On October 19, IRS issued Revenue Procedure 2017-58, announcing inflation adjustments for 2018 for dozens of important figures across the Internal Revenue Code, including the following two key numbers regarding the estate tax, gift tax and generation-skipping transfer (GST) tax:
1. Gift Tax Annual Exclusion Increases to $15,000. For gifts made in 2018, the gift tax annual exclusion will be $15,000. This is the amount an individual can give to as many donees as desired in one year without using any of the donor’s estate and gift tax exemption. The best way to think about this is that a person can stand on the street corner and give $15,000 to every person who passes by, and the donor will not use any of his or her estate and gift tax exemption.
This also means that a married couple can give each donee up to $30,000 in 2018 without using either spouse’s estate and gift tax exemption amount.
The annual exclusion had been stuck at $14,000 since 2013. Even though the annual exclusion is indexed for inflation, under the Congressional version of rounding (not the one you learned in elementary school), the annual exclusion does not get rounded up to the nearest $1,000, it only gets rounded down. Thus, the inflation adjustment must actually push the annual exclusion past the next $1,000, which explains how it can take five years for the annual exclusion to increase.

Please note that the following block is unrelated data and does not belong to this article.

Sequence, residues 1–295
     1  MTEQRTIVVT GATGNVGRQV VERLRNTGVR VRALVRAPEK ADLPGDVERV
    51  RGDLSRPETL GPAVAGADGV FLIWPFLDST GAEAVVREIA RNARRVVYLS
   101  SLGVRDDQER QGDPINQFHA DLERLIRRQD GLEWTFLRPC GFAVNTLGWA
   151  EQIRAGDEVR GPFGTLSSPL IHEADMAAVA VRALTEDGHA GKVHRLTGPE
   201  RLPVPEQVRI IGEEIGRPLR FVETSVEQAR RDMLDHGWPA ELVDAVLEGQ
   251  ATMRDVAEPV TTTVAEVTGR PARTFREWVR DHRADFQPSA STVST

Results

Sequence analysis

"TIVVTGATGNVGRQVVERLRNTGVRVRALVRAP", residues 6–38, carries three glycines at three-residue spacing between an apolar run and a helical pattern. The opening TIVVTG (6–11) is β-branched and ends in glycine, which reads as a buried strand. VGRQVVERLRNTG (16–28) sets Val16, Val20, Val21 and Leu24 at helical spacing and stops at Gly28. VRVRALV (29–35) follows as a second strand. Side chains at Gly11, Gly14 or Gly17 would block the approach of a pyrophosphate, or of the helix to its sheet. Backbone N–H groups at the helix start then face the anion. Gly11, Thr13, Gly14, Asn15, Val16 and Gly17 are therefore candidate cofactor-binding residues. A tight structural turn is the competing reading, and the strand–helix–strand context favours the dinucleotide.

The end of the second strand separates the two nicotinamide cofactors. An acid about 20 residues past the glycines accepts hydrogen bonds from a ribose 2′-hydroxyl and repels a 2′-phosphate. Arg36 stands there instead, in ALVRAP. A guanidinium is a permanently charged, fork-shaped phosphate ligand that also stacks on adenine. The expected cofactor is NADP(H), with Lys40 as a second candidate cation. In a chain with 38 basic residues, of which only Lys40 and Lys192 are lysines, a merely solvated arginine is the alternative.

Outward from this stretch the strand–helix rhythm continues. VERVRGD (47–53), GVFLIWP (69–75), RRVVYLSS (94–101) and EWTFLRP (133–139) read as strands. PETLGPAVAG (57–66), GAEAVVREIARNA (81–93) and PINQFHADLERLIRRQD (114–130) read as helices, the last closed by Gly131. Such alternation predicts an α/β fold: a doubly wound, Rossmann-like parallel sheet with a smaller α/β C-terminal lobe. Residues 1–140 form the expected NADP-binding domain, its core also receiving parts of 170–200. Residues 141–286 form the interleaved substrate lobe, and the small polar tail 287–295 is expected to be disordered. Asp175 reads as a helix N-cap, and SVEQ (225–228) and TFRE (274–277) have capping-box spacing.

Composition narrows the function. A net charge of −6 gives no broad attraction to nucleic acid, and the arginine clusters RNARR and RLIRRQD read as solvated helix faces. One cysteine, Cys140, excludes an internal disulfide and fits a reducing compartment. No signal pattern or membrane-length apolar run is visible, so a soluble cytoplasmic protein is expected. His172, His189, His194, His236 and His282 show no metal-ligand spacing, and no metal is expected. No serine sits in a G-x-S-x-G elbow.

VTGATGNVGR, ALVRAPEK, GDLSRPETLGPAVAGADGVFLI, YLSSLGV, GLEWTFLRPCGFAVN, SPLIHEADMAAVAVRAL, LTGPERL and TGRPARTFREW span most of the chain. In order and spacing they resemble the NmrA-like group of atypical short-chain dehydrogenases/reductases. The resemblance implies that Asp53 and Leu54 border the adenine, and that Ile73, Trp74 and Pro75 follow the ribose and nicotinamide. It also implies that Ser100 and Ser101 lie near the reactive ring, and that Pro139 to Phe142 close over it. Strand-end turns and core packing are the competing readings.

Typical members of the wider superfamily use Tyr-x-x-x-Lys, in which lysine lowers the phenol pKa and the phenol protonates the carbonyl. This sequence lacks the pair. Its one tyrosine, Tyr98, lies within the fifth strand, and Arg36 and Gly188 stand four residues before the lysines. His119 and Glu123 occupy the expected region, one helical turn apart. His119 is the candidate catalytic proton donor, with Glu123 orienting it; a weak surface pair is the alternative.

2. Estate Tax/Gift Tax/GST Tax Exemption Increases to $5,600,000. For decedents dying in 2018, and for gifts made during 2018, the combined estate and gift tax exemption will increase to $5,600,000 from its current $5,490,000. This also increases the GST exemption to $5,600,000. Among other things, this means that with proper planning, a married couple can pass at least $11,200,000 of their combined net worth to their children without estate tax.
Of course, this assumes that the estate tax and GST tax remain in effect after 2017. The estate planning world is holding its breath waiting to see if “tax reform” actually passes Congress. While no text of an actual bill has yet been released, the “framework” for tax reform states that the “death tax” and the GST tax would be repealed. No one knows if this means gradually, or as of 1/1/2018. Already, some Senators have commented that the estate tax repeal may not be politically possible, given the estate goal of tax reform to benefit the middle class exclusively, or nearly exclusively.
Moreover, the “framework” leaves the gift tax in place, without indicating whether the GST tax (which applies both to lifetime gifts and testamentary transfers) would be repealed with respect to all transfers, or just testamentary transfers.
In other words, stay tuned.